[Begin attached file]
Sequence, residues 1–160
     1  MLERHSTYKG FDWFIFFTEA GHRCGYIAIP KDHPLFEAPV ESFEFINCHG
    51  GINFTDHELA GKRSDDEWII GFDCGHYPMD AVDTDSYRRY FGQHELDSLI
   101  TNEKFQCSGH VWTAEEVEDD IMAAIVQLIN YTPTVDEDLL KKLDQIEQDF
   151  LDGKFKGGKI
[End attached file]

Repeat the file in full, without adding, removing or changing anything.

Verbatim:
Sequence, residues 1–160
     1  MLERHSTYKG FDWFIFFTEA GHRCGYIAIP KDHPLFEAPV ESFEFINCHG
    51  GINFTDHELA GKRSDDEWII GFDCGHYPMD AVDTDSYRRY FGQHELDSLI
   101  TNEKFQCSGH VWTAEEVEDD IMAAIVQLIN YTPTVDEDLL KKLDQIEQDF
   151  LDGKFKGGKI